Mar 20, 2018

What Do The Euro 4 Emissions Standards Mean To Us?

Euro 4 logo
The Euro 4 emissions laws are claiming victims - the Kawasaki W800, Yamaha XT660Z Tenere and FJR1300 have all been dropped.

A couple of weeks ago Kawasaki announced the beautiful retro-styled W800 will end its model run in Europe this year, going out with a special model appropriately called the “Final Edition”.

Yamaha has now announced it is dropping the XT660Z Tenere and XJR1300, certainly in Europe anyway.

2015 Kawasaki W800 Black Edition
2015 Kawasaki W800 Black Edition

All three models are casualties of the tough new Euro 4 emissions standards in Europe.

The new laws took effect this year, and all new models must meet those standards now.

Existing models, like the ones we’re seeing dropped, have to meet those standards from the beginning of next year.

But for some existing models, that’s just not possible.

Euro 4 not only sets tough limits for exhaust emissions from the engine when it’s running, but also for the amount of fuel that escapes from the tank through the venting system.

Fuel vapours contain far more unburned hydrocarbons than exhaust gas, and the most common way of reducing the amount of vapours escaping is to feed the venting tube into a carbon filled canister.

Once the engine is started again the vapours are drawn back into the fuel system which creates issues for the engine management system.

Although it sounds like a simple solution, this can be mean major – and costly – modifications to the engine design.

Another issue is that Euro 4 requires that the bike has on-board diagnostics to measure it’s own emissions and provide fault-finding capabilities for technicians.

Yamaha FJR1300ES
Yamaha FJR1300ES

And finally the manufacturers have to prove their engines will still meet the emissions standards after 20,000km.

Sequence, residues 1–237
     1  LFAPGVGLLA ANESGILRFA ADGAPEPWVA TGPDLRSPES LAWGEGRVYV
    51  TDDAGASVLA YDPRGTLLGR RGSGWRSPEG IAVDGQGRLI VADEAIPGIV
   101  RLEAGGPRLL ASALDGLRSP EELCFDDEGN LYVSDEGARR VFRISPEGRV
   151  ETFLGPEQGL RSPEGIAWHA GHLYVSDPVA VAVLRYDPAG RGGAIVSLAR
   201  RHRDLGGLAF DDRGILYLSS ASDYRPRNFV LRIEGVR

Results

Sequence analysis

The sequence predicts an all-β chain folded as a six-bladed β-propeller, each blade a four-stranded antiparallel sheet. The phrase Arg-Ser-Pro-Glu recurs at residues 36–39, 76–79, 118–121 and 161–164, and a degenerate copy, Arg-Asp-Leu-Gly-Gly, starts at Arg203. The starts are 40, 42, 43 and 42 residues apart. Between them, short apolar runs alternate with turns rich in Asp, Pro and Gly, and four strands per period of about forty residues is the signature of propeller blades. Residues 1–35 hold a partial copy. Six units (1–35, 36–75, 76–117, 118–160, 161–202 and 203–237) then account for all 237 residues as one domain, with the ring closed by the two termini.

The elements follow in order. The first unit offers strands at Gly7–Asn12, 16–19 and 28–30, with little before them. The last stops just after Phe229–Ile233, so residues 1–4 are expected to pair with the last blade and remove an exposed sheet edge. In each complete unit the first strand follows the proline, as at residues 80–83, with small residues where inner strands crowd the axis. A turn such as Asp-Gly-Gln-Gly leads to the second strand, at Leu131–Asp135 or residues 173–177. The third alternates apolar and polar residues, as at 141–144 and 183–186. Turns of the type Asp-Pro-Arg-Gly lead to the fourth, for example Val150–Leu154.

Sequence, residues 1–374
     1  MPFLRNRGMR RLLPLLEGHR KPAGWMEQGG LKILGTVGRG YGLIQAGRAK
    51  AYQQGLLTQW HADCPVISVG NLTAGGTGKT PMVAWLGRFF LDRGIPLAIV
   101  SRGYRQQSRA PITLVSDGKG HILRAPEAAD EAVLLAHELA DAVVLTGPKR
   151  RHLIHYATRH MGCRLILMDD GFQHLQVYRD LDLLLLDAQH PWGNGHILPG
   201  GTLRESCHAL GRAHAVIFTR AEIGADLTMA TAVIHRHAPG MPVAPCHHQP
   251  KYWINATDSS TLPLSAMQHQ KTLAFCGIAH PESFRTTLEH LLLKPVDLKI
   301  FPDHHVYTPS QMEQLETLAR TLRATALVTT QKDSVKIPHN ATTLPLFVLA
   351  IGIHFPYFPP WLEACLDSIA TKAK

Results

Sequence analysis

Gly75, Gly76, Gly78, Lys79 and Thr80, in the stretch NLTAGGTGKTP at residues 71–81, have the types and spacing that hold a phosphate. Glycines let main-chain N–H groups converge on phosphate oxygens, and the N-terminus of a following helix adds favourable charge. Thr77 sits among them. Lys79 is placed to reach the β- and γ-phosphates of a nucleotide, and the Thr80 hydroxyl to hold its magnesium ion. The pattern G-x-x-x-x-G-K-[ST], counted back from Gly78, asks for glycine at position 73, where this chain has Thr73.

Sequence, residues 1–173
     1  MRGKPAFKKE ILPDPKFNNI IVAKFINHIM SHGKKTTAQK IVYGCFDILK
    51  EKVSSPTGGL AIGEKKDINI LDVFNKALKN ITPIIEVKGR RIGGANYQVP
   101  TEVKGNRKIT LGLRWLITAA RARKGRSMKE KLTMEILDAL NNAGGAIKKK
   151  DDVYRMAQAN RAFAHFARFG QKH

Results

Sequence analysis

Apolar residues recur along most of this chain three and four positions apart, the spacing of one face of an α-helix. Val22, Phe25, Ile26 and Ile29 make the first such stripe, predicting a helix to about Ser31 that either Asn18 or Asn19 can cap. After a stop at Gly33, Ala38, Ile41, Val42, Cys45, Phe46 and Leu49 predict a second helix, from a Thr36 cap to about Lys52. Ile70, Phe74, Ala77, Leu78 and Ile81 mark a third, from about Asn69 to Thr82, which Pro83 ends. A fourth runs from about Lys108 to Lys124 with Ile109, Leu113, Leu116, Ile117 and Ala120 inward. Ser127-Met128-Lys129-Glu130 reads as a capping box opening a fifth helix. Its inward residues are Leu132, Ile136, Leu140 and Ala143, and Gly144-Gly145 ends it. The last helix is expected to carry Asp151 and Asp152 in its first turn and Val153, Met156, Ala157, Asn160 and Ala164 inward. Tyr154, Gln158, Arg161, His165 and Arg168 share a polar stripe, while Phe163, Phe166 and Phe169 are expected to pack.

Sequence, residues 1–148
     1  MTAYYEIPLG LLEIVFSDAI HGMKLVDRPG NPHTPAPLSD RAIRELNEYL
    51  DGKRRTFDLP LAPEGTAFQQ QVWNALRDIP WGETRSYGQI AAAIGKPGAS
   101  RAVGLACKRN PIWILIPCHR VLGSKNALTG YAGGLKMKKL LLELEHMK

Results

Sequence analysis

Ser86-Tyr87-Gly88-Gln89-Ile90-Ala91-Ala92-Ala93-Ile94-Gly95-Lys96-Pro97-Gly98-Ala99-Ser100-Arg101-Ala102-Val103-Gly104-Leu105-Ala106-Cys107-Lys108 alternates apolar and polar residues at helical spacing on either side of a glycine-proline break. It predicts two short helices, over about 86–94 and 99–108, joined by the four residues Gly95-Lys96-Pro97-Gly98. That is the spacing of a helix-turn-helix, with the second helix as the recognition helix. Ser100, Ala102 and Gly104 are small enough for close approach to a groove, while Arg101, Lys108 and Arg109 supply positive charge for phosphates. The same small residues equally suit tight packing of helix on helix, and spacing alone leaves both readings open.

So for some existing models that’s a big and expensive task, and it’s just not economically viable. For others, making them Euro 4 compliant is simply impossible.

Most of the existing air-cooled bikes like the FJR1300 will never come close to being Euro 4 compliant.

So what does all this mean to us?

Well firstly we’re seeing the biggest reshuffle of models in many years, and as the year goes on we can expect more announcements about which bikes won’t be sold into Europe any more.

But with that will come a range of new models. There’s already rumours that the XT660Z Tenere will be replaced by an MT-07 engined adventure bike.

For Australia, the future’s a little bit more confusing at the moment.

Our emissions regulations aren’t as tough as the European standards, so no changes need to be made to existing models for them to continue to be sold here.

Milo Dokmanovic, Marketing Assistant at Kawasaki in Australia, has said that “the current model of the W800 will continue to be available here in Australia, but that Kawasaki cannot comment on the prospect of new models at this stage”.

2015 Yamaha XT660Z Tenere
2015 Yamaha XT660Z Tenere

Communications Manager for Yamaha Motor Australia, Sean Goldhawk, is saying similar things certainly about the XJR1300 which is built in Japan.

Sean told us today that the XJR1300 and the XT660Z Tenere will be available here for the foreseeable future.

Looking ahead, as long as the manufacturers can see value in continuing production of the bikes they are dropping in Europe nothing will change for Australia.

But we could also expect, and hope, that the manufacturers see value in bringing us the new replacements that are going into Europe as well.